What was this ancient 10-armed creature?

An ancient cephalopod fossil may be about to rewrite octopus history, but it depends on who you ask. At the very least, it’s offering up a lesson in how hard it is to classify some fossils.

Because their soft bodies decay easily, it’s rare to find well-preserved fossils of cephalopods, a group that includes octopus, squid and cuttlefish. The relatively slim pickings of fossils have made establishing the animals’ family tree a headache for paleontologists.

Enter Syllipsimopodi bideni, an approximately 330-million-year-old fossil with exquisitely preserved suckers and 10 arms. The specimen was donated to the Royal Ontario Museum in Toronto in 1988 after its discovery in Montana’s Bear Gulch Limestone, a treasure trove for soft-bodied fossils. A closer look suggests that the fossil is a type of cephalopod called a vampyropod, researchers from the American Museum of Natural History in New York City report March 8 in Nature Communications.

If true, that would make this newly designated species the oldest ancestor of octopuses by about 80 million years. This would suggest that some ancient octopus features evolved much more quickly than previously thought. “This is overturning about 100 years of science in cephalopod evolution,” says invertebrate paleontologist Christopher Whalen. But not everyone is convinced.

The classification hinges on the fossil having a gladius, a hard internal body part shaped like a Roman sword of the same name. The gladius can be identified by slender growth lines along the fossil’s edge, as well as a rib running down the center of the fossil.

But where Whalen and paleontologist Neil Landman see a gladius, others see something else.

“That’s not the gladius, I’m sorry,” says Christian Klug, a cephalopod paleontologist at the University of Zurich. He argues that the slender lines are actually evidence of a flattened phragmocone, the series of chambers found in the shells of early cephalopods. And if there’s no gladius, as Klug suggests, the fossil would not be a vampyropod after all.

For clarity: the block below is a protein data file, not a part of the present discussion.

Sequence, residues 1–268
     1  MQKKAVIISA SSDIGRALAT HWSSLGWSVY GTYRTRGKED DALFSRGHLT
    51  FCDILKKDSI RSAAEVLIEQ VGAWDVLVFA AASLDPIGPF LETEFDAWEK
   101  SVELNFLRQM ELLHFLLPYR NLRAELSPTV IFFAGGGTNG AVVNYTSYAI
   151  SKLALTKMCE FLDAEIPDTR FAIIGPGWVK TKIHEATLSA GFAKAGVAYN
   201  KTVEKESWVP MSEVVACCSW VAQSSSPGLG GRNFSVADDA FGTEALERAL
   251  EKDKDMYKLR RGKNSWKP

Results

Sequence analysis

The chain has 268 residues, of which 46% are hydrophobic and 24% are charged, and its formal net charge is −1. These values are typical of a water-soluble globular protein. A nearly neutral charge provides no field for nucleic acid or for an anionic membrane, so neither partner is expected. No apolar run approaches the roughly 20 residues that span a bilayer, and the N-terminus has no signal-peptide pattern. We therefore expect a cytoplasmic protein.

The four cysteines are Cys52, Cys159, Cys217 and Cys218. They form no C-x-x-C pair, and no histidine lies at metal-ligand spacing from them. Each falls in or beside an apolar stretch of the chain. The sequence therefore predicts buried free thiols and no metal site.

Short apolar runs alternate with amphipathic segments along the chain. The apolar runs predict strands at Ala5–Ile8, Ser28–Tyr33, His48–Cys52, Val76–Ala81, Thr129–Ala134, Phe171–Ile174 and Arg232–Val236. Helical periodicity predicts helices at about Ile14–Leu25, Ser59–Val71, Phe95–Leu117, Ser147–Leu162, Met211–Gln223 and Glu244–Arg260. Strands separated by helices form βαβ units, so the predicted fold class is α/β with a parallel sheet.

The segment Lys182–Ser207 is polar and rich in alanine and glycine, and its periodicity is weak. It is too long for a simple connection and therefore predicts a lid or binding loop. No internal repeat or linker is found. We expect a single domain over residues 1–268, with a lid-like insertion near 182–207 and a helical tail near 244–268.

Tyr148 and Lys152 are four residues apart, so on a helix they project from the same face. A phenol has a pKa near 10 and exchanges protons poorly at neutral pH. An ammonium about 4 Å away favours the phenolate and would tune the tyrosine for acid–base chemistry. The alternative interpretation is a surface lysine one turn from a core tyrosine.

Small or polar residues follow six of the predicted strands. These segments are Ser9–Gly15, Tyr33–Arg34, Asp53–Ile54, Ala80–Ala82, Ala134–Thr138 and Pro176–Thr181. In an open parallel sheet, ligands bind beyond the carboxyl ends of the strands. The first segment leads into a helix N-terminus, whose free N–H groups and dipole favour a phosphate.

Different interpretations of fossils are not uncommon in paleontology. A famous example is Tullimonstrum, more commonly known as the Tully monster. First discovered in 1955, paleontologists still disagree about whether it’s a vertebrate (SN: 3/6/17).

“They’re all looking at the same fossils and the same features,” says Roy Plotnick, an invertebrate paleontologist at the University of Illinois Chicago. But something as simple as orientation can affect the interpretation of a fossil. Plotnick is working on a study about a fossil that was classified as a jellyfish for almost 50 years; upon flipping it upside down, he realized it’s actually a sea anemone.

Identifying fossil features is much more than eyeballing. For starters, paleontologists have a deep-seated knowledge of anatomy, biology and zoology. “Many of us know animal anatomy better than most biologists do,” Plotnick says. Paleontologists also need to understand the processes of fossilization and how animals decay. If a feature is missing, a paleontologist will consider whether it was absent in the animal when it was alive or just not preserved.

“You need to come up with a frame of reference, some sort of interpretive framework, which is based on what you see,” Whalen says. For instance, the preserved suckers allowed him to identify S. bideni as a cephalopod. “Once you’ve gotten that, then you can start to focus on interpreting the different structures under that framework.”  

Prioritizing one piece of evidence over another can become somewhat subjective. “Even with well-preserved species, you can get terrific differences in interpretation,” says Kevin Padian, a vertebrate paleontologist at the University of California, Berkeley. Some scientists prefer not to stray from traditional means of classification. Some choose to emphasize certain parts of the anatomy over others. Some opt to lump specimens together into the same species, whereas others will differentiate them more readily.

Ultimately, the strength of the interpretation depends on how reasonable it is. “I usually use the phrase: What is consistent with the evidence that we have?” Plotnick says.

It might not sound like an exact science, but that’s the trick: Only the addition of evidence can increase certainty. In the case of S. bideni, the discovery of more specimens could help researchers home in on the correct interpretation. Sophisticated technologies could also help. In the last decade, new imaging techniques have been developed to look at the chemical makeup of fossils, allowing scientists to identify previously hidden details.

Still, “there often isn’t a definitive answer, because there’s just not enough evidence to decide for sure,” Padian says. “Nobody speaks ex cathedra in science.”

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